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Sep
18
Jean-Francois (JF) Hivon

Believe it or not, there are some business leaders out there who believe group brainstorming is a huge time-waster.

Their argument: in group settings where employees are asked to think creatively, some participants (whether due to conflict, social anxiety and/or complacency) do not contribute as much as they could, thus diminishing the quality and number of ideas generated. 

In fact, those on the “group brainstorming is bad” bandwagon argue that individual brainstorming is a much more effective approach to innovation.

I have two problems with this argument.

  1. First, flying solo can actually limit the number, range and originality of ideas generated, as opposed to working in a group. According to the Torrance Test of Creative Thinking, not all people are created equal when it comes to innovation. People often find it difficult to “think outside the box,” mainly because they have spent a lifetime operating, getting comfortable and being effective in their own box. The collision of different thinking styles is often a great source of new ideas.

  2. Secondly, this argument looks at group brainstorming in isolation from techniques and processes specifically developed to promote a wider range of original ideas. When teams approach brainstorming or innovative thinking willy-nilly, then yes, they will most certainly see lower participation and fewer quality ideas. That’s because people need structure and tools to effectively approach the brainstorming conversation. Using a structured process that takes different thinking styles into account can make for an immensely powerful and creative group brainstorming session. In fact, according to noted international innovation expert Arthur VanGundy, teams can actually experience a 500% increase in the number of quality ideas produced when using a structured process! But as we know, the output of the innovation process is not ideas: it’s value. A structured process can help teams come up with large volumes of ideas, which is immensely energizing—but consequently, these groups often get stuck when trying to decide on the best ideas. Thus, there is also a need for groups to employ a process that helps them identify which ideas present the most value.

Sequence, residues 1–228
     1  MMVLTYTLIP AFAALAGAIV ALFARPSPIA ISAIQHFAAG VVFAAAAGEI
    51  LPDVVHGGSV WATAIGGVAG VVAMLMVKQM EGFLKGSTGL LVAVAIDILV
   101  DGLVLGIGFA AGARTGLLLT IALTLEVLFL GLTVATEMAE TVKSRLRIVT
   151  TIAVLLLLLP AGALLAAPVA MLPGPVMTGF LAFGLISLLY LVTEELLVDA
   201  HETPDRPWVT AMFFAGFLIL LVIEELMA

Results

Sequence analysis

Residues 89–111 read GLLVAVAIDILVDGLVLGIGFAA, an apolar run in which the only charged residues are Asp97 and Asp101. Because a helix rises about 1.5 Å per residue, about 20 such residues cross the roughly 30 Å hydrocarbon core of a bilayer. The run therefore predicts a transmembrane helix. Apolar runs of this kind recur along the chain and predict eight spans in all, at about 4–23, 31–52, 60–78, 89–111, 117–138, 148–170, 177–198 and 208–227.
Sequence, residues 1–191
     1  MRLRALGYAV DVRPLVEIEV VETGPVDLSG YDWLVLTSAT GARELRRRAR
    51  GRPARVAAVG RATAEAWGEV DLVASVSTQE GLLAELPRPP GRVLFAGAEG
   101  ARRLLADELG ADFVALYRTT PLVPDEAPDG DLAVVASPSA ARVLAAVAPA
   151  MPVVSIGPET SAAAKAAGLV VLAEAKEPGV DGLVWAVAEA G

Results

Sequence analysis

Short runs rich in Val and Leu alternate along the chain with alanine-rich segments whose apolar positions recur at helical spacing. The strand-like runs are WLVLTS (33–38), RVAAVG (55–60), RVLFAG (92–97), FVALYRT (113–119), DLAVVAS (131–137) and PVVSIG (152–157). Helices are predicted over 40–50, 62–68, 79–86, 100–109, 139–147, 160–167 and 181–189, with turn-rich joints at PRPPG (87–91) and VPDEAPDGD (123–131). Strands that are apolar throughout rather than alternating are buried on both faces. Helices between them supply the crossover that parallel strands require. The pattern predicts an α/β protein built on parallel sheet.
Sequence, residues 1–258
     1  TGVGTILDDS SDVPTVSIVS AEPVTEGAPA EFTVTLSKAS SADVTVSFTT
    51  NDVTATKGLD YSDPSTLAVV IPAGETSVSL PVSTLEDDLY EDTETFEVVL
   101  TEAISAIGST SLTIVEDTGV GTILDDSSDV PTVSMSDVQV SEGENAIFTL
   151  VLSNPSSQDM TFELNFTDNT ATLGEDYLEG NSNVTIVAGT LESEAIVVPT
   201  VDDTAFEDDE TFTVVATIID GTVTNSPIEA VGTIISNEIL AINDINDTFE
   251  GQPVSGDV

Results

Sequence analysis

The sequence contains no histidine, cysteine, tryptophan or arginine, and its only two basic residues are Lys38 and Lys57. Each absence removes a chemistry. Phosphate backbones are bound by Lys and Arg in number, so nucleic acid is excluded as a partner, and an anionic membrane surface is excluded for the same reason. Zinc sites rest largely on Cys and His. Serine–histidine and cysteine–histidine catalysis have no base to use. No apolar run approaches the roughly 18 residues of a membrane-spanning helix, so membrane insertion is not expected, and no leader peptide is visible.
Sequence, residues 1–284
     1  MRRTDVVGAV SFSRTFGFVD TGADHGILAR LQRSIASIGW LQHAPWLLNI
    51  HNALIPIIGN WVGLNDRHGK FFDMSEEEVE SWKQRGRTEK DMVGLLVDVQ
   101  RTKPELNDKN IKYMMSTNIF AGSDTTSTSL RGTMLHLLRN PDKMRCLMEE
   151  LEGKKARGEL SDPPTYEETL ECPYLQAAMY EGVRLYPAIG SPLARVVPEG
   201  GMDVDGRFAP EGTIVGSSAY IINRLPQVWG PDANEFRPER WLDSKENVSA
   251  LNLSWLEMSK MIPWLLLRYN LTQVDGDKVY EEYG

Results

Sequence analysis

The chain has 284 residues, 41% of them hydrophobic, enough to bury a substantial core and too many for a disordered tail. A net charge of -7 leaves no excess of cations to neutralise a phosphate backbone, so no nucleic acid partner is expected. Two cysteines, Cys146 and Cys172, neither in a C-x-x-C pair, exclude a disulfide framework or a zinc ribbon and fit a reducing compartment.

Make no mistake: there is tremendous value in having many brains working on coming up with ideas on your most pressing challenges and opportunities. Having said that, simply putting people in the same room is not likely to generate the value you are looking for. 

Consider using these energizing strategies during your next group brainstorming session:

  1. Clearly define the problem or opportunity for which you are asking the team to generate ideas. Present it as a question that starts with “How might we…?”

  2. Define what a “good idea” looks like for you.

  3. Have everyone brainstorm individually for one minute—and then share their ideas with the group. 

  4. Use structured brainstorming tools to move your best ideas forward. 

Make the most out of your group brainstorming sessions: get Juice Inc.’s innovation training program, Innovation in a Box!

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Brady Wilson

Brady Wilson

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